But when detective Alyssa Wyatt and the squad appear at the house, the unthinkable has happened – the girls are nowhere to be found.

Waking up in a dilapidated cabin, nestled high in the woods north of Albuquerque, the girls find themselves at the mercy of a brutal stranger who could take their life at any moment. While they fight for survival, it’s up to Alyssa Wyatt and her partner Cord to discover just why the Kensingtons have been targeted – and fast.

Because for Addis and Emerson, solving this mystery might just mean the difference between survival – or an unthinkable death…


The Night Hawks, a group of metal detectorists, are searching for buried treasure when they find a body on the beach in North Norfolk. At first Nelson thinks that the dead man might be an asylum seeker but he turns out to be a local boy, Jem Taylor, recently released from prison. Ruth is more interested in the treasure, a hoard of Bronze Age weapons. Nelson at first thinks that Taylor’s death is accidental drowning, but a second death suggests murder.

Nelson is called to an apparent murder-suicide of a couple at the isolated Black Dog Farm. Local legend talks of the Black Shuck, a spectral hound that appears to people before they die. Nelson ignores this, even when the owner’s suicide note includes the line, ‘He’s buried in the garden.’ Ruth excavates and finds the body of a giant dog.

All roads lead back to this farm in the middle of nowhere, but the place spells serious danger for anyone who goes near. Ruth doesn’t scare easily. Not until she finds herself at Black Dog Farm …


A portrait painting is stolen from a London home. Shortly afterwards, the owner, Nat, calls on genealogist, Jefferson Tayte, for his help. She believes the subject of the painting, a young girl called Jess, is a past relative and wants to learn more about her. The problem is that Nat’s research has hit a brick wall – Jess appears to have vanished from the slums of Victorian London soon after the portrait was painted.

When Tayte learns that the theft is connected with a recent murder, he’s right to be wary, but solving crimes through genealogical research is what he does best. He quickly becomes intrigued by the girl in the painting and agrees to help. What became of her? Who stole the painting, and why would they kill for it all these years later?

As Tayte and Nat go in search of the answers, can they solve the mystery and bring the murderer to justice? Or will they become the killer’s next victims?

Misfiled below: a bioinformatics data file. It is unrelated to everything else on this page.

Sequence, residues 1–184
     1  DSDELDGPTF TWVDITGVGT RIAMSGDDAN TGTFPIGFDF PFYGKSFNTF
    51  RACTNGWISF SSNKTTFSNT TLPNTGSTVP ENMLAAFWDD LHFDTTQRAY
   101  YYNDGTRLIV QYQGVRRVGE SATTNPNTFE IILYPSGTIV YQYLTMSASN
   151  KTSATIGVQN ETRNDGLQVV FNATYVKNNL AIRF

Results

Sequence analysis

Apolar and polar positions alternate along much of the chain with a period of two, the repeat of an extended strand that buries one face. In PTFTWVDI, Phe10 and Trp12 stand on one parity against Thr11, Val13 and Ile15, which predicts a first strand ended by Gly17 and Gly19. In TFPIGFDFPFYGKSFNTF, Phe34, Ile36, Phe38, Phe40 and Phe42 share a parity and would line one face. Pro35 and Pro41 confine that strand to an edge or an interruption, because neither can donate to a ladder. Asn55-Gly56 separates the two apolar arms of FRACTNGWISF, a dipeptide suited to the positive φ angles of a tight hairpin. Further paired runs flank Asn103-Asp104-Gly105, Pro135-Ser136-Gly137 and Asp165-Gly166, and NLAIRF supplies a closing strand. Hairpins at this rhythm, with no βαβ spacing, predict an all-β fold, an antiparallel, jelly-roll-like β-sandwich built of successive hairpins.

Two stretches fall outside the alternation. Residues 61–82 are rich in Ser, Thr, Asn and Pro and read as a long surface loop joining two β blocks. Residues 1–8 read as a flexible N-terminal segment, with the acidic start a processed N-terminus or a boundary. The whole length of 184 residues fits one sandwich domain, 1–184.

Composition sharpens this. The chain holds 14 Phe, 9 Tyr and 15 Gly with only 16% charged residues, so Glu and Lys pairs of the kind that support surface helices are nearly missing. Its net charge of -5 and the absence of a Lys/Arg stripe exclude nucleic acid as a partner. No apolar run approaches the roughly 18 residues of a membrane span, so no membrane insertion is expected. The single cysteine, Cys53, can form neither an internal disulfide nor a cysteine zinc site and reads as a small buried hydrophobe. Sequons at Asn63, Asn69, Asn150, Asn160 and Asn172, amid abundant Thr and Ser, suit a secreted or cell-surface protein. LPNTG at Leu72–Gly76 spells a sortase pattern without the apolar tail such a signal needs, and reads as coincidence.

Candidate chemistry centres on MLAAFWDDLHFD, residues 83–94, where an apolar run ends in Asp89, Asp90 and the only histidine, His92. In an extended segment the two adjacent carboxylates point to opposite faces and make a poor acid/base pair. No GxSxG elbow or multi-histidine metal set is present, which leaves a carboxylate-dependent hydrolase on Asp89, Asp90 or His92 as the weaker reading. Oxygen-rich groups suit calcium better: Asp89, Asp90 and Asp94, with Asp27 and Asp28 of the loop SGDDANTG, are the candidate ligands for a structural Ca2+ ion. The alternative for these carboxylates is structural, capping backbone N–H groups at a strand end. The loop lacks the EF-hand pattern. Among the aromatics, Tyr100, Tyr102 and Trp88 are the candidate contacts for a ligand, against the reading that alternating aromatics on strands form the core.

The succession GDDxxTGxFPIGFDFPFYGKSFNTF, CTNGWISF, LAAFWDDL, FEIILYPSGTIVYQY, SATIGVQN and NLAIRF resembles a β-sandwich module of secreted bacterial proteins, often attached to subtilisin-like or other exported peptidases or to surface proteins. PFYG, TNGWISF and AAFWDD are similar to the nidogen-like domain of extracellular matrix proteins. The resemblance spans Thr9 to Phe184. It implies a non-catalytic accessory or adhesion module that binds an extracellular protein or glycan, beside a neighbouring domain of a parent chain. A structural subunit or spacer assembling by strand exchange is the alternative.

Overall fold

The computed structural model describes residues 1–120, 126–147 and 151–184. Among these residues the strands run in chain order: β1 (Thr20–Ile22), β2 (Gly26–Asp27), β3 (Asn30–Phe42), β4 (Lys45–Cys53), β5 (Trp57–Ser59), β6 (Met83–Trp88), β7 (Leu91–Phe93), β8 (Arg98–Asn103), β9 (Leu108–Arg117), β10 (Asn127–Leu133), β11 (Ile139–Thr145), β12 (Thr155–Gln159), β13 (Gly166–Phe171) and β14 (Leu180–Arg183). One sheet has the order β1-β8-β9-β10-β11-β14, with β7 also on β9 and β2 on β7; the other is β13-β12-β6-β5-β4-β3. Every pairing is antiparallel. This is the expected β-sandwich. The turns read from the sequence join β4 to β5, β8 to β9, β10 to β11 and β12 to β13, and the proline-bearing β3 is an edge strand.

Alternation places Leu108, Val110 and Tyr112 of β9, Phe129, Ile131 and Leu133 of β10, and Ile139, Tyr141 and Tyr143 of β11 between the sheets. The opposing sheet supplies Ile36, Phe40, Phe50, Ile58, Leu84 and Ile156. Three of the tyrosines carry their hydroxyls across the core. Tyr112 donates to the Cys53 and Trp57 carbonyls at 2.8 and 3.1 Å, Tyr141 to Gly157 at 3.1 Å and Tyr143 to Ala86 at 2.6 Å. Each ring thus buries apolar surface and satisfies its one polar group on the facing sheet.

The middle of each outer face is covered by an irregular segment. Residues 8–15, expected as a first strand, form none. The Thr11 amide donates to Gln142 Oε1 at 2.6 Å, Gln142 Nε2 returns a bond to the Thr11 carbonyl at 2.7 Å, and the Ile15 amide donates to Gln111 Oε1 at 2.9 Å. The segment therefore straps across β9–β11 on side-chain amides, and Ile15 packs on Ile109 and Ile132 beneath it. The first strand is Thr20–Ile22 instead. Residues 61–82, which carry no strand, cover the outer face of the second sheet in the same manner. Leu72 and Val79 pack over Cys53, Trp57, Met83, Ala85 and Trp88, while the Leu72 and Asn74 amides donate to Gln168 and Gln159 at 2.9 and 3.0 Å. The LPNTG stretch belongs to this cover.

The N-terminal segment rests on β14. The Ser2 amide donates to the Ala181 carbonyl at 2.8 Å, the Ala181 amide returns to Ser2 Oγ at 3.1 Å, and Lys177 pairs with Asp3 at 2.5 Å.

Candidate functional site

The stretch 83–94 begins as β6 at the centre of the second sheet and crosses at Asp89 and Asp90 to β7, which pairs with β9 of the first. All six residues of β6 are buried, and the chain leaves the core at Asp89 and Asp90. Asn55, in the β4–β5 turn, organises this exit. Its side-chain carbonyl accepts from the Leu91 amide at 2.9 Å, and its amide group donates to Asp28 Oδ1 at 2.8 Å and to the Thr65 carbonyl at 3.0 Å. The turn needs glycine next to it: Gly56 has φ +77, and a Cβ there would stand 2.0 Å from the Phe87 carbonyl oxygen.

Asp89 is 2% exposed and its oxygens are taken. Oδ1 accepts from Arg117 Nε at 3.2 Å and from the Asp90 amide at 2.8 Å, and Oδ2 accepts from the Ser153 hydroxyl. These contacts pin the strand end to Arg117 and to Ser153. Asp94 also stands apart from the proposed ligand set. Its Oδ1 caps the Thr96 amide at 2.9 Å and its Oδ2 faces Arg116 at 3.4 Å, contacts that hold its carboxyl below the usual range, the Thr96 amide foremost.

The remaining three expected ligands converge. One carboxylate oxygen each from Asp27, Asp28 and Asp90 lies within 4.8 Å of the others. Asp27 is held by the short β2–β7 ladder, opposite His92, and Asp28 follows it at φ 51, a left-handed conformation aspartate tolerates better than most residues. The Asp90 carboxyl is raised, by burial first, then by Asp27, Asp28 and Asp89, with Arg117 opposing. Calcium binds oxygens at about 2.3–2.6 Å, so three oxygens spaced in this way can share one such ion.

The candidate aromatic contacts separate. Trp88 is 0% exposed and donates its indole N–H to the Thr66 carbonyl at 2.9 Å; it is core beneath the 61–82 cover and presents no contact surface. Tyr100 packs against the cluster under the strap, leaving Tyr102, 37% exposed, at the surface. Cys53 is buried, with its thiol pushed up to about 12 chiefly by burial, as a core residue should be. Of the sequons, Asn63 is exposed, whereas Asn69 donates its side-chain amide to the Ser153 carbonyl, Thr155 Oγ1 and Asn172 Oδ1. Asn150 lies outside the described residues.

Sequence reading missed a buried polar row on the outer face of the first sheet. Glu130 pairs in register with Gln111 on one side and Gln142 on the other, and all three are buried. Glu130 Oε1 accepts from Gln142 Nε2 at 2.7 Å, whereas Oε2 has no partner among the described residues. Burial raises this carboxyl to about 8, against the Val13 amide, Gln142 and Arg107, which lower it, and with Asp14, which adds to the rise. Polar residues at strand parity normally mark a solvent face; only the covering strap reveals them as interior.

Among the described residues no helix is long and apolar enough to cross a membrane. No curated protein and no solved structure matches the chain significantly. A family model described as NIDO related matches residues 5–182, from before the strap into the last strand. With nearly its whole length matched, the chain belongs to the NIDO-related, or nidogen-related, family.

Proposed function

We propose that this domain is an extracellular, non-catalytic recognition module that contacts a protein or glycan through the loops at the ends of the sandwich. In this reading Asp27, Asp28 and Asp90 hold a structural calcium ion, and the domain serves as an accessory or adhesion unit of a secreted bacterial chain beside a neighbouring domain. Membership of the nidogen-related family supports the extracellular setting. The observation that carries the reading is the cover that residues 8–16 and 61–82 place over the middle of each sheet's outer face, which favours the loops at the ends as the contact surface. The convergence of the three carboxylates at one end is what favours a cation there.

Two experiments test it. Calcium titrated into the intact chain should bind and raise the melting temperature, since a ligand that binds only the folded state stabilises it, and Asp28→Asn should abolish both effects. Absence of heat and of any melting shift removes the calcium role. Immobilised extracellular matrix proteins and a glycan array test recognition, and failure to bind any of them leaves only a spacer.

When Detective Clayton Tyler is tasked with reviewing the formidable archives of unsolved homicides in his police department’s vaults, he settles on one particular cold case from the 1980s: The Chester Creek Murders. Three young women were brutally murdered—their bodies dumped in Chester Creek, Delaware County—by a serial killer who has confounded a slew of detectives and evaded capture for over thirty-eight years. With no new leads or information at his disposal, the detective contacts Venator for help, a company that uses cutting-edge investigative genetic genealogy to profile perpetrators solely from DNA evidence. Taking on the case, Madison Scott-Barnhart and her small team at Venator must use their forensic genealogical expertise to attempt finally to bring the serial killer to justice. Madison, meanwhile, has to weigh professional and personal issues carefully, including the looming five-year anniversary of her husband’s disappearance.


Brighton, 1965

When theatrical impresario Bert Billingham is found dead in his retirement home, no one suspects foul play. But when the postmortem reveals that he was poisoned, suspicion falls on his wife, eccentric ex-Music Hall star Verity Malone.

Frustrated by the police response to Bert’s death and determined to prove her innocence, Verity calls in private detective duo Emma Holmes and Sam Collins. This is their first real case, but as luck would have it they have a friend on the inside: Max Mephisto is filming a remake of Dracula, starring Seth Bellingham, Bert’s son. But when they question Max, they feel he isn’t telling them the whole story.

Emma and Sam must vie with the police to untangle the case and bring the killer to justice. They’re sure the answers must lie in Bert’s dark past and in the glamorous, occasionally deadly, days of Music Hall. But the closer they get to the truth, the more danger they find themselves in…


A child’s body in an unmarked grave. A killer waiting to strike again.

A young boy’s body is found in a meadow beside the River Mersey. No DNA. No witnesses. No clues. It brings back painful memories of the Moors Murderers.

After two weeks, the police have made no progress finding the killer. The one thing they do know; he will kill again. It is a race against time – and they are losing.

DI Thomas Ridpath has just returned to work. Diagnosed with PTSD and undergoing supervised psychological therapy, he is dragged into the case against his better judgement. When another murder in Liverpool ups the ante, Ridpath must confront his own demons to stop a child killer before he strikes again.


I’m also hoping for a new Tennison novel by Lynda La Plante, anything by Steve Cavanagh and Kathleen McGurl and, of course, anything by Mark Billingham and Ian Rankin never goes amiss!

Are any of these books on your wanted list?

My Books of 2020

What a year it was, and not in a good sense. I was disappointed not to attend many book events during 2020 but have loved some of the online events that authors have managed to do. Despite book shops being closed for much of the year, I was so pleased to see that there have still been some amazing books published so, in no particular order, here is a slideshow of my favourite 10 books of 2020, the links taking you to my reviews.

Three Hours by Rosamund Lupton